Many thanks for your purchase of William Larue Weller, our uncut and unfiltered Kentucky Straight Bourbon Whiskey. The William Larue Weller release from last year was named “Bourbon of the year” in Jim Murray’s Whisky Bible 2016.

We hope you and your customers are very pleased with the wheated bourbon contained in these bottles. In distilling and aging this product, we have attempted to make some of the finest American whiskey ever made.

Our William Larue Weller bourbon has been produced in response to consumer requests for more well-aged and barrel strength whiskey. We filled these particular barrels at 114 proof in the year 2003, but after twelve years of aging the whiskey is now 135.4 proof.

The glass bottle chosen for William Larue Weller is designed to showcase the whiskey’s dark and rich color. The black label provides a full product description. Every case has been hand bottled and labeled to ensure the highest quality finish. The tissue paper has been added to protected the finished package.

On the reverse side of this letter you’ll see a fact sheet about the barrels selected for this particular release. Hopefully you and your customers will find the intricate details of these particular barrels interesting.

In closing, thank you again for your purchase of this very limited supply of William Larue Weller.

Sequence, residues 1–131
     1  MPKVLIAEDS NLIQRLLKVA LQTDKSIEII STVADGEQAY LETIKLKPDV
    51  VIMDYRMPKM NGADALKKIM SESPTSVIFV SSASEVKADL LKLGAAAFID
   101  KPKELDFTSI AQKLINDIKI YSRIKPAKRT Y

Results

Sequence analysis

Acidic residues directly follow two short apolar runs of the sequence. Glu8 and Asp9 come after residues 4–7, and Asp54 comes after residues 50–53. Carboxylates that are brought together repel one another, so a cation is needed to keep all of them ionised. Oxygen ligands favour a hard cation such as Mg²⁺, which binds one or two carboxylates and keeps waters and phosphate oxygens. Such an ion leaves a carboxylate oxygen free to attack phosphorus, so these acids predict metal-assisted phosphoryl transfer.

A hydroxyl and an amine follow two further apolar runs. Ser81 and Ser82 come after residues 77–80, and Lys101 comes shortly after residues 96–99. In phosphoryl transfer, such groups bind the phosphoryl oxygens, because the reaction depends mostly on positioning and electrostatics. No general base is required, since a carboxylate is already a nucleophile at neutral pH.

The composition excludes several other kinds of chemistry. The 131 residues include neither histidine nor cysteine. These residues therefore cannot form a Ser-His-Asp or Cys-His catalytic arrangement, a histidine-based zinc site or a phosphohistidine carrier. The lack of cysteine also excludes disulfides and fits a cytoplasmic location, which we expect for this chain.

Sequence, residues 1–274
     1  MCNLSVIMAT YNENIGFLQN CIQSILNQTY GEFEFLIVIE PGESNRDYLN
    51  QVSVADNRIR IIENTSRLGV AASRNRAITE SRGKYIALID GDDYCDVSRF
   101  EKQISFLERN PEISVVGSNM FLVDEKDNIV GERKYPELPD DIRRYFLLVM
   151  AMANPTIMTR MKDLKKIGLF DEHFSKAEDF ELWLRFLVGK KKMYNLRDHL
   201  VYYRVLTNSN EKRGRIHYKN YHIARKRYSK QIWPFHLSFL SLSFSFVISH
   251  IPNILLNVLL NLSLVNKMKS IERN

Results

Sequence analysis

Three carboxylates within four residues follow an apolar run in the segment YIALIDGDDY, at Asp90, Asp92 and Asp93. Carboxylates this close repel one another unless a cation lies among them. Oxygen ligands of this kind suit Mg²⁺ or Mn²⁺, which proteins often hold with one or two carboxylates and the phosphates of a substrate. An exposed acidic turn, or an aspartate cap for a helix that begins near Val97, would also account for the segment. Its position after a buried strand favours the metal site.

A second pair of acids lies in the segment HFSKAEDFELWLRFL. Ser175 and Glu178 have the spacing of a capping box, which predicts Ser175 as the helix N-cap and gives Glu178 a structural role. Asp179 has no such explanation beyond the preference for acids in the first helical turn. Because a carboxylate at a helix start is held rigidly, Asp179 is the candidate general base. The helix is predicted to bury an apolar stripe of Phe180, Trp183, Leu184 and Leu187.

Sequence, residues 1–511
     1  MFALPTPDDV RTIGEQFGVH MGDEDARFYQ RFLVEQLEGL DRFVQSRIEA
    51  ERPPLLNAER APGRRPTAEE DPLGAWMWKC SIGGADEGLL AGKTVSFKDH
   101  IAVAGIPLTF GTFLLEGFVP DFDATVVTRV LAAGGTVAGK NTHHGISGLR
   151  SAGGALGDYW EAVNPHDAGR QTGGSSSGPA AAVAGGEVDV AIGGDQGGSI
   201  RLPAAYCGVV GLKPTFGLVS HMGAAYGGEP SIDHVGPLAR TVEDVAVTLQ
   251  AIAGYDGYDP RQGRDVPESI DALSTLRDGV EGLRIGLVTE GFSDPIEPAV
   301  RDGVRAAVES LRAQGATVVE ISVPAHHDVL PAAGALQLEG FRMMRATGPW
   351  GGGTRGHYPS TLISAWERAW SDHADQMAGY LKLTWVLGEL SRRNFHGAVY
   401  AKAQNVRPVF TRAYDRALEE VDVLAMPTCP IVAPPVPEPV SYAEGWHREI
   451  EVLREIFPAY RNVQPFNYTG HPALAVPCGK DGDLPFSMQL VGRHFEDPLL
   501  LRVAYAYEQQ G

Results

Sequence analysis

• Blind guess: a slight majority guessed the William Larue Weller, but some were convinced it was the Old Weller Antique

Weller Special Reserve

  • Bottle 3:
    • Name: W.L. Weller Special Reserve
    • Distillery: Buffalo Trace
    • Proof: 90
    • Price: $19.99
    • Purchase location: Davis Liquor Outlet
    • Tasting Notes:
      • Nose: Melon, light/low proof, vanilla
      • Palate: soft pepper, sweet, breakfast cereal
      • Finish: short, creamy
    • Why this bottle is featured: This bourbon was formerly aged stated at 7 years. Now, it is a blend without an age statement. This current rendering represents, presumably, the youngest of the Weller family, and also the lowest proof. It serves as an introduction to the other family members by being quite approachable and affordable. For a low-shelf bourbon, this is hard to beat.
    • Blind guess: Almost unanimously – the Special Reserve.

Weller Antique

  • Bottle 4:
    • Name: Old Weller Antique
    • Distillery: Buffalo Trace
    • Proof: 107
    • Price: $28 (1 Liter)
    • Purchase location: R&J Discount Liquor